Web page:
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Soft touch plastic coatings on devices getting sticky with age

JazzJazz Registered User regular
Stop laughing at the back there.

I wasn't sure whether to post this here or in H/A, but it is technology related, so here it is.

I have a couple of items of computery equipment, specifically an old (c. 2011) laptop and an external DVD-ROM drive of a similar age, that were produced with a "soft touch" rubberised external coating on their plastics. My new laptop has the same thing on its palmrest and deck, and my three year old or so mouse has it too. It's pretty common (I'm sure many of you have devices like this), and it's pleasant to the touch and to use, usually nicer than just bare plastic.

But the coating on these older items seem to be degrading, and specifically, getting sticky; not just to the touch, which is unpleasant enough, but such that lint, or animal hairs, or dust, or whatever is in fact actually sticking to them.

These devices are still perfectly functional in themselves and I'd rather keep them going for a bit longer, for as long as they remain useful. And also, this is likely to happen to my new laptop in due course, I should imagine, and probably long before I'll actually be done with it.

Has anyone got any idea if there's any way I can clean them such that the stickiness goes away? Or even, in the case of the older devices, being able to strip the stuff off altogether, however ugly that would render them? And is there any way of preventing this on my new machine or is it inevitable that this will happen when the coating reaches a certain age?

Jazz on


  • GnomeTankGnomeTank What the what? Portland, OregonRegistered User regular
    edited September 2017
    Try some alcohol wipes, like they use at a hospital or electronics repair shop. You can get them at most pharmacies. If you can't find those, some 70% isopropyl alcohol on a soft (preferably microfiber) cloth. Don't douse it, and don't use super harsh agents (for instance don't mistake 70% with 90% alcohol)...definitely nothing with bleach in it. Once you get the layer of gunk off that's causing it to be "sticky", try and maintain with a damp soft cloth every so often.

    GnomeTank on
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  • JazzJazz Registered User regular
    I actually just tried on the DVD drive (which is naturally less of a worry since it'd be cheap to replace if it came to it) with isopropyl alcohol on a damp cloth to dilute it a little. I'm not actually certain what strength the alcohol is; it's not an over-the-counter item over here that I've found so I've had to get a bottle from my mum's nail place! And it doesn't actually say its strength on the bottle. I'd imagine it's in the 70% region, it usually is I think and it certainly smells the same, but I will double check with them. Anyway, if anything, it seemed to make it stickier, which was rather disheartening.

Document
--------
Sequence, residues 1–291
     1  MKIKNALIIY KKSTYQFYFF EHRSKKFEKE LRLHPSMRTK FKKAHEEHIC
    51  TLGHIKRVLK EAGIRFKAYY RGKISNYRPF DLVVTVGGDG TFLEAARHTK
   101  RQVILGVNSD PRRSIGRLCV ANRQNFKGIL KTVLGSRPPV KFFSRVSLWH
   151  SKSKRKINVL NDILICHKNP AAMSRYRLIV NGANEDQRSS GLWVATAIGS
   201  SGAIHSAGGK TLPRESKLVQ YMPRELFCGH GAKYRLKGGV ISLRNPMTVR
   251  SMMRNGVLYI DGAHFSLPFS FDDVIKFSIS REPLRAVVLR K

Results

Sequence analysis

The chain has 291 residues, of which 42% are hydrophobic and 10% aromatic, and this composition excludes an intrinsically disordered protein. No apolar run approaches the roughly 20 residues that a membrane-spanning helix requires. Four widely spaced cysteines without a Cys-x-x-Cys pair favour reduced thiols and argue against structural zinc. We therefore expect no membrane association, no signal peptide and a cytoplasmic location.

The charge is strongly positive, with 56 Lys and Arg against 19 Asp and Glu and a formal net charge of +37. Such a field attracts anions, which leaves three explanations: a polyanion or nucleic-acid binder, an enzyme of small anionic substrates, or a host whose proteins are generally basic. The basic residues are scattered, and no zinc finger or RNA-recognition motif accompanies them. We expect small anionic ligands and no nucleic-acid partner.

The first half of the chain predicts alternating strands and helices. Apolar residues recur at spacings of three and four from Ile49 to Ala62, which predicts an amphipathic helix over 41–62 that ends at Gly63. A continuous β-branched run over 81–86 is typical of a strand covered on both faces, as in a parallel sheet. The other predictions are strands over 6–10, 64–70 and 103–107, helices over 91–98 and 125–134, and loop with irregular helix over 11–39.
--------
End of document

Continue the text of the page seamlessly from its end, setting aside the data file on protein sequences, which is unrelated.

Should I just give it another go undiluted (after checking the strength, probably)?

  • LD50LD50 Registered User regular
    It's going to be a hard problem to solve because anything that can remove the stickiness is going to be able to damage the rubber. It's probably oil based, so you'd need something that can break up the oil and dissolve it. Depending on how washable the things are, you might be able to put a bit of cooking oil on them, let it set for 5 minutes or so, and then clean it off with dish soap.

  • FoomyFoomy Registered User regular
    edited September 2017
    soft rubber overmolding just tends to breakdown overtime, and oils in general will speed that up, including skin oils.

    Best temporary fix i've found is to lightly sprinkle with some talc and rub that in. But the stickyness will return.

    Foomy on
    Steam Profile: FoomyFooms
  • spool32spool32 Contrary Library Registered User regular
    yeah this is prob degradation of the covering due to skin oils and / or exposure to the sun / heat. afaik you can't fix it... you might instead consider stripping the coating off completely and applying a stick-on grip of some sort in its place.

  • dporowskidporowski Registered User regular
    From disgusting experience, the alcohol will make it much, much worse. Your best bet is completely remove it; alcohol will soften it, then it can be carefully scraped like you would adhesive or something.

  • ShadowfireShadowfire Vermont, in the middle of nowhereRegistered User regular
    I'd cover the surface with duct tape and pretend some other grease-and-other-unmentionable-things hands never touched the thing.

    WiiU: Windrunner ; Guild Wars 2: Shadowfire.3940 ; PSN: Bradcopter
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